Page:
We have all seen Printed Circuit Board (PCB) antennas: those squiggly bits of traces on PCBs connected often to a Bluetooth, WiFi or other wireless communication chip. On modules like for the ESP8266 and ESP32 platforms the PCB antennas are often integrated onto the module’s PCB, yet even with such a ready-made module it’s possible to completely destroy the effectiveness of this antenna. These and other design issues are discussed in this article by [MisterHW].
It covers a range of examples of poor design, from having ground fill underneath an antenna, to having metal near the antenna, to putting dielectric materials near or on top of the antenna. The effect of all of these issues is generally to attenuate the signal, sometimes to the point where the antenna is essentially useless.
Ultimately, the best PCB antenna design is one where there is no nearby copper fill, and there are no traces running near or on layers below the antenna. After all, any metal trace or component is an antenna, and any dielectric materials will dampen the signal. Fortunately, there is e.g. a free KiCad library with ready-to-use PCB antenna designs to help one get started with a custom design, as well as many other resources, covered in the article.
If you want to get really professional about checking the effectiveness of an antenna design, you’ll want to use a Network Vector Analyzer. These will also help you with tuning the capacitors used with the PCB antenna.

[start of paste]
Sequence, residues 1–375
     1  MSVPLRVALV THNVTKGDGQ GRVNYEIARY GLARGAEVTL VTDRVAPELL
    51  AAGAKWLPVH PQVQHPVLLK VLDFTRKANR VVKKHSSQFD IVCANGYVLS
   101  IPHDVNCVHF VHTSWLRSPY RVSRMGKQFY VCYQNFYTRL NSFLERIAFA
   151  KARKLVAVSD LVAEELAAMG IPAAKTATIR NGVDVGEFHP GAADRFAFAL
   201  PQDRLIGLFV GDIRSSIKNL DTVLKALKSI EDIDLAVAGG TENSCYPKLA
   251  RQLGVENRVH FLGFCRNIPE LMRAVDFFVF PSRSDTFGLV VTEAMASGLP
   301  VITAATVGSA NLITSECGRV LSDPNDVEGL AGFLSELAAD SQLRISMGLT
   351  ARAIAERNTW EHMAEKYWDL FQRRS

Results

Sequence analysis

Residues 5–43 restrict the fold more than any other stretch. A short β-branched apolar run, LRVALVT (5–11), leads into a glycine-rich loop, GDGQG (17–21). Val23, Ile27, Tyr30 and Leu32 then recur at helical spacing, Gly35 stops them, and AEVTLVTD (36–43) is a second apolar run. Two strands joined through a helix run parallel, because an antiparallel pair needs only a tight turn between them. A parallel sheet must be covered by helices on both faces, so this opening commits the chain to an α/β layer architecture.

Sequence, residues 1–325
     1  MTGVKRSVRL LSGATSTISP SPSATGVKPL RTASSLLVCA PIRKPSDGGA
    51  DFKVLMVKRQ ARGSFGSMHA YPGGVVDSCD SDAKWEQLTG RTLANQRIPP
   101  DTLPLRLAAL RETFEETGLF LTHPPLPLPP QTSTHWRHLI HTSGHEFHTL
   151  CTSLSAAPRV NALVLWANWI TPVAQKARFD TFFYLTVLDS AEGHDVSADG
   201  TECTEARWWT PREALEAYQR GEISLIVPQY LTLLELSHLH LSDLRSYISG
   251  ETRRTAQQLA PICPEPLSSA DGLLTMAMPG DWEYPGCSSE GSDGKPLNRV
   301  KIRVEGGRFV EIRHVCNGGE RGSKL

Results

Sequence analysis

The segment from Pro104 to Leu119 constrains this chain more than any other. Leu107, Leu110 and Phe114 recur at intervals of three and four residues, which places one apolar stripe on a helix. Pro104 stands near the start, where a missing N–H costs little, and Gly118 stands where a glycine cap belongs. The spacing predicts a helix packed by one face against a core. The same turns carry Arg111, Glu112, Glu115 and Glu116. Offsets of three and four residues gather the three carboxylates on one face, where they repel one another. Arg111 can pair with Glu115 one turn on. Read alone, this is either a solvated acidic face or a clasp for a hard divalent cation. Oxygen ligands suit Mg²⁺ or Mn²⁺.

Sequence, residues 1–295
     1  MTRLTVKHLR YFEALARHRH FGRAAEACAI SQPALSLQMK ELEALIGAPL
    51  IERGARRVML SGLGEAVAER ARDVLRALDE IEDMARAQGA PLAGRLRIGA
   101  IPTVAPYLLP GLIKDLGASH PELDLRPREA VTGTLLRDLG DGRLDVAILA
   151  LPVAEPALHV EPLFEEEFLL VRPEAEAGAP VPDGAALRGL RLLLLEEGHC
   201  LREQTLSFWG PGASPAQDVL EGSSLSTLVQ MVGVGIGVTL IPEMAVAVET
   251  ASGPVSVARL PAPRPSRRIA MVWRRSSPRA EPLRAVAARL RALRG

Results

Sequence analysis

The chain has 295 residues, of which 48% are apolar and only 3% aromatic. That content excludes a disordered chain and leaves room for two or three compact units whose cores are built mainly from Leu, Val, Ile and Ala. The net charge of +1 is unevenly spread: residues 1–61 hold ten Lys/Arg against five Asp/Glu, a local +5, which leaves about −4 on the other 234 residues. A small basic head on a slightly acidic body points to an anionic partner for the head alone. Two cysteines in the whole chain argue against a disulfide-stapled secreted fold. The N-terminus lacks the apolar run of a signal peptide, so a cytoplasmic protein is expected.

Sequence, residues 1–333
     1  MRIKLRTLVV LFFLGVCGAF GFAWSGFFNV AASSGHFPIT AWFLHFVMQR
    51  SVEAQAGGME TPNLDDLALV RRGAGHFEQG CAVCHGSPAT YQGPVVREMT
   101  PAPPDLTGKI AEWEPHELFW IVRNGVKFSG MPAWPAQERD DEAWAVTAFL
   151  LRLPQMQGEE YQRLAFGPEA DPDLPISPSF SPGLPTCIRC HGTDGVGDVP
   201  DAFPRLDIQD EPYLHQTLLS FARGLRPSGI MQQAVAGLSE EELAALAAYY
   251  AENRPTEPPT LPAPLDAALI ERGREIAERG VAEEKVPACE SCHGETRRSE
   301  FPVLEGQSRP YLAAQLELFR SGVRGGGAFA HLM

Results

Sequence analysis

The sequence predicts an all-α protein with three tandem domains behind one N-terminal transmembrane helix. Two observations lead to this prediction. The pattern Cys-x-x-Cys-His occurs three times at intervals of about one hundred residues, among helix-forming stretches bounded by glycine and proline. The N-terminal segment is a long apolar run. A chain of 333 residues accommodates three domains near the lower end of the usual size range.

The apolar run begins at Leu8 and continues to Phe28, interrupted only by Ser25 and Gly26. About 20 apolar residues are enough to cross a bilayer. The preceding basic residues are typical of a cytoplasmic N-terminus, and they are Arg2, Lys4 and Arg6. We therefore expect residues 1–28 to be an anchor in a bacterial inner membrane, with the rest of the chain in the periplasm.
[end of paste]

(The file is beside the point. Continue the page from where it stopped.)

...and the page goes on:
Good old nRF24L01+ wireless modules are inexpensive and effective. Well, they are as long as they work correctly, anyway. The devices themselves are mature and well-understood, but that doesn’t mean bad batches from suppliers can’t cause hair-pulling problems straight from the factory.
A bandpass allows a certain electrical signal to pass while filtering out undesirable frequencies. In a speaker bandpass, the mid-range speaker doesn’t receive tones meant for the tweeter or woofer. Most of the time, this filtering is done with capacitors to remove low frequencies and inductors to remove high frequencies. In radio, the same concept applies except the frequencies are usually much higher. [The Thought Emporium] is concerned with signals above 300MHz and in this range, a unique type of filter becomes an option. The microstrip filter ignores the typical installation of passive components and uses the copper planes of an unetched circuit board as the elements.
A nice analogy is drawn in the video, which can also be seen after the break, where the copper shapes are compared to the music tuning forks they resemble. The elegance of these filters is their simplicity, repeatability, and reproducability. In the video, they are formed on a CNC mill but any reliable PCB manufacturing process should yield beautiful results. At the size these are made, it would be possible to fit these filters on a business card or a conference badge.
[IMSAI Guy] tore apart a device with a wireless network card and decided to investigate what was under the metal can. You can see the video of his examination below. Overall, it was fairly unremarkable, but one thing that was interesting was its use of an antenna on the PCB that uses a fractal design.
You probably know fractals are “self-similar” in that they are patterns made of smaller identical patterns. The old joke is that the B. in Benoit B. Mandelbrot (the guy who coined the term fractal) stands for Benoit B. Mandelbrot. You can think of it as akin to recursion in software. Antennas made with fractal patterns have some unusual and useful properties.